Sooooo, history and musicals, two things I really like. One would think they would work better together, but unfortunately, for me, 1776 wasn’t as spectacular as I had hoped it would be. Everyone knows the story of the Continental Congress and how the Declaration of Independence came to be the document that provided the guidance for the United States to become its own county. Making that into a musical was iffy at best, and while I did enjoy the music and the songs, it seemed a little forced to me. The acting was good; each of the actors was well-cast and portrayed their characters believably.

Being a musical from the 1970s, 1776 was a bit dated and played less like a movie and more like a musical being filmed. It wasn’t terrible, it was average. The direction was good and flowed well with the story and the songs, but the choreography at times also seemed a little forced. I just couldn’t really get into it like I had hoped I would. Normally, I love musicals, but unfortunately, this one missed the mark.
Video (2 1/2 out of 5 stars)
The 1080p high-definition 2.35:1 aspect ratio presentation for 1776 was okay.  It was blurry and a bit cloudy at times and there were a few parts that had a faded line at the bottom of the screen.  The colors could have been bolder and brighter, but the picture flowed smoothly from scene to scene.  I wasn’t impressed with the transfer to Blu-ray.
Audio (3 1/2 out of 5 stars)
The best part of 1776 was the English 5.1 DTS-HD master audio. The dialogue was clear; the musical numbers were well-done; and there were no volume issues. The musical numbers were catchy and I found myself humming along to songs I’d never heard before. This is a soundtrack I would gladly purchase and add to my collection of Broadway musicals.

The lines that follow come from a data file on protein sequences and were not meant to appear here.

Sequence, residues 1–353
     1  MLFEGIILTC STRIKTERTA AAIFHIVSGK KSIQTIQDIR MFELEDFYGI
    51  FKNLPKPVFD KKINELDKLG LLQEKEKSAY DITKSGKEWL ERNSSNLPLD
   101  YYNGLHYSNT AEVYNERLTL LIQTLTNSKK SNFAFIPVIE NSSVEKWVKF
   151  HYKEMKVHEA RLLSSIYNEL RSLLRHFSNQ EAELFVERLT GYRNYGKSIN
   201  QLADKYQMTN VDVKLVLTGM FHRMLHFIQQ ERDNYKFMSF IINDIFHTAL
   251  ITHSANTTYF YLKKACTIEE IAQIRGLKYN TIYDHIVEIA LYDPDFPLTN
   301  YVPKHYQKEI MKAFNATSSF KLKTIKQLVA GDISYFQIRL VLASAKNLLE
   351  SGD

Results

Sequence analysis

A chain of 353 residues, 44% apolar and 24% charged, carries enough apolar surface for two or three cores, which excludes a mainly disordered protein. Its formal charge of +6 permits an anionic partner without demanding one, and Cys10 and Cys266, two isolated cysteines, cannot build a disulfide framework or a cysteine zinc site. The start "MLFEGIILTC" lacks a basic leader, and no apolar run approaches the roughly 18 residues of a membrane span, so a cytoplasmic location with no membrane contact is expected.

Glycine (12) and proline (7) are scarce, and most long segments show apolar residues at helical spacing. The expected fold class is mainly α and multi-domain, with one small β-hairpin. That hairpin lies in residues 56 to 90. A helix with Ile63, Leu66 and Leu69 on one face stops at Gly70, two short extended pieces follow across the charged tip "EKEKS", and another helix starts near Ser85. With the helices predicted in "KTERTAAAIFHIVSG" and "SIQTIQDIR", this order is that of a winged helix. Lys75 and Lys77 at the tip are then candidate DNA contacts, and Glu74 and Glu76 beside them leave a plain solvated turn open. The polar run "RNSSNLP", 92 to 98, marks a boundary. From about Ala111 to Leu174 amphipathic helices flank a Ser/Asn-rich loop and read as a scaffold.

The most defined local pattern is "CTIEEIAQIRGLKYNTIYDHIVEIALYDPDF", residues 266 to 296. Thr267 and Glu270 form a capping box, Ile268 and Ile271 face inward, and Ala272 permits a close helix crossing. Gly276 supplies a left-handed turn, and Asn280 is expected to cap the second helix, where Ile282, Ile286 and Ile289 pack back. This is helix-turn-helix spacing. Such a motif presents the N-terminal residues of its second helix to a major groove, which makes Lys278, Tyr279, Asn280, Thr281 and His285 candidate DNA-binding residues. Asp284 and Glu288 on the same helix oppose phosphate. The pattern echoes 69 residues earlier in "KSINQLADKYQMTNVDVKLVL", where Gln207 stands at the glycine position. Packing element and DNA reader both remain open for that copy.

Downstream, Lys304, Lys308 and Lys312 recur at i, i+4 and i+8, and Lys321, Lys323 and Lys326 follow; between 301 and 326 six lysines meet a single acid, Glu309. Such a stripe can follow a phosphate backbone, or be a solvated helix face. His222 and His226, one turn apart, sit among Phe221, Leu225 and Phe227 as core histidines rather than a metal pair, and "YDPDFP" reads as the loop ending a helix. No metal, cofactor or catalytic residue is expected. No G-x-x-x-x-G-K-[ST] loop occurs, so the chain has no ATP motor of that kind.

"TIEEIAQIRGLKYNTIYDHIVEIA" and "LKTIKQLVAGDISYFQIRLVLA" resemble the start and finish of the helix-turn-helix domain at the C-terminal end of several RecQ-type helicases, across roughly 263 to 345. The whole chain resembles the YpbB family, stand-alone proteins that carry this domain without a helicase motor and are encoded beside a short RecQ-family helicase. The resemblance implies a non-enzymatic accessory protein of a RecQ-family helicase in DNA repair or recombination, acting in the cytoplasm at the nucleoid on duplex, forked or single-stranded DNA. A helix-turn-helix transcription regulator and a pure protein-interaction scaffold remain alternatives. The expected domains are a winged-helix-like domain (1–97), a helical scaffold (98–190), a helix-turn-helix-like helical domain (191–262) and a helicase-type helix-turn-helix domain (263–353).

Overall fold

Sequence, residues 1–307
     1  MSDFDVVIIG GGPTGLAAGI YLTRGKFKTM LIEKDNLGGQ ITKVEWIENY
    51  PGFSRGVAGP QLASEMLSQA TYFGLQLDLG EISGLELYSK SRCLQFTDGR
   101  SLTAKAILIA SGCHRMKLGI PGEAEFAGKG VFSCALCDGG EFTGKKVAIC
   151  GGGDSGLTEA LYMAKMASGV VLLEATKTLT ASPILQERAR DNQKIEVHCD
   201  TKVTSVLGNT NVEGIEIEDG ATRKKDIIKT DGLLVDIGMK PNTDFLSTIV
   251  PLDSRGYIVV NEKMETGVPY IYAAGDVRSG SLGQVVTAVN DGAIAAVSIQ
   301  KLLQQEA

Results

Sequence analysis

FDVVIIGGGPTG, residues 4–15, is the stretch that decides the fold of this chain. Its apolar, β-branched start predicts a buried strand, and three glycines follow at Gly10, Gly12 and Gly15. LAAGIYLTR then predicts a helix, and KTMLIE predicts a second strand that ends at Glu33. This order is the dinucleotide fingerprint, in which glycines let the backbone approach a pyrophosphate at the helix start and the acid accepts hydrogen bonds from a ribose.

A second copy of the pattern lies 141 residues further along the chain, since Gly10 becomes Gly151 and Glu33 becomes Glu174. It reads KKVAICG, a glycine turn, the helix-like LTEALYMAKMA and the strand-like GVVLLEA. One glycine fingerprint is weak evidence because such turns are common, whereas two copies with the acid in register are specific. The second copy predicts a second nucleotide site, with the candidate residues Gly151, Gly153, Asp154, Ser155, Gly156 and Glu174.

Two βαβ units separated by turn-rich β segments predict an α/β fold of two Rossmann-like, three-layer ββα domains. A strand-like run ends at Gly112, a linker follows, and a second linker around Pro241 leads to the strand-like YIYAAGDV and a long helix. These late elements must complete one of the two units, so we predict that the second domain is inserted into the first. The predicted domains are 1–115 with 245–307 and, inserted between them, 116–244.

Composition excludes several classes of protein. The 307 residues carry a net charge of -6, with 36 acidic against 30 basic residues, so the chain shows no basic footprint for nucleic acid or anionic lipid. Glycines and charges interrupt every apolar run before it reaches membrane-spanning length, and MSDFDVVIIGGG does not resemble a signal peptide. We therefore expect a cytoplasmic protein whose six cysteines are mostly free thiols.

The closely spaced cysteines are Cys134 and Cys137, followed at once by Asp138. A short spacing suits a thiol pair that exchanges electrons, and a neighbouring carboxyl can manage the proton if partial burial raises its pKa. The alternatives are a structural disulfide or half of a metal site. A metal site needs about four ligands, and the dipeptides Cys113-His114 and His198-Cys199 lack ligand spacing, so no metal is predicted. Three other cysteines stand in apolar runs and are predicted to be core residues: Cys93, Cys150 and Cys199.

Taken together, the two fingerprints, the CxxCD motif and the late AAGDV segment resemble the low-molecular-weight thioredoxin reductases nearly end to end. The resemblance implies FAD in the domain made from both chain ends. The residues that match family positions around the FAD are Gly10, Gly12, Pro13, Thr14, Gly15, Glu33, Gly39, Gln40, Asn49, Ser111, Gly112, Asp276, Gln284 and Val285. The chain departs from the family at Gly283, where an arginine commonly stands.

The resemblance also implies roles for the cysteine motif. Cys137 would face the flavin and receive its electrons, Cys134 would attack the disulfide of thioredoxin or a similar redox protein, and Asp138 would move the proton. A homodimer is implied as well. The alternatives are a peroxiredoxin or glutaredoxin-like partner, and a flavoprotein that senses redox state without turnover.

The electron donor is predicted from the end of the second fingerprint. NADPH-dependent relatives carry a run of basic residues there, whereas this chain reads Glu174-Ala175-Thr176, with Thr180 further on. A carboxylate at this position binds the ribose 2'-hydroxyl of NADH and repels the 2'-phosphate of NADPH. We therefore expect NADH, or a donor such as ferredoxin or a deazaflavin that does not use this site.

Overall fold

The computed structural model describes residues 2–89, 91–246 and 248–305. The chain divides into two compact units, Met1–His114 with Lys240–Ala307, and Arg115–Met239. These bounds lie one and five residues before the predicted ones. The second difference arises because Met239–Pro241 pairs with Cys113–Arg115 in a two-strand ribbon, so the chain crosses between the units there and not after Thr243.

Extras (3 out of 5 stars)
Surprisingly, I enjoyed the special features.
  • Commentary with Director Peter H. Hunt, William Daniels and Ken Howard (Director’s Cut Only)
  • Commentary with Director Peter H. Hunt and Screenwriter Peter Stone (Director’s Cut Only)
  • Deleted and Alternate Scenes – Five deleted or alternate scenes from the movie, including reprises of a few of the musical numbers and scenes with director’s commentary
  • Screen Tests – Nine screen tests available individually or as a play all option. Screen test include: William Daniels as John Adams, William Daniels and Howard Da Silva as John Adams and Benjamin Franklin, William Hansen as Caesar Rodney, Patrick Hines as Samuel Chase, Daniel Keyes as Josiah Bartlett, Leo Leyden as George Read, Ray Middleton as Colonel Thomas McKean, James Noble as Rev. John Witherspoon, and Rex Robbins as Roger Sherman. These were fun to watch. I always like seeing the tests actors do before they get their parts. It’s kind of like watching their audition.
  • Theatrical Trailers -- Both the teaser trailer and the theatrical trailer shown individually or in a play all option.
Summary (3 out of 5 stars)
While I didn’t enjoy the film as much as I thought I would, I always enjoy seeing the actors who portrayed the characters reprise their roles for the screen. 1776 likely works better as a musical on stage, but on the small screen as a film from the 1970s, it missed the mark a bit. I have actually been debating on whether or not to buy tickets for the stage production the next time it comes to town on tour and seeing the film helped sway me toward purchasing tickets just so I can see how it’s done on stage. This will be either a hit or a miss with the viewer, there really is no in between and unfortunately, it was more of a miss for me.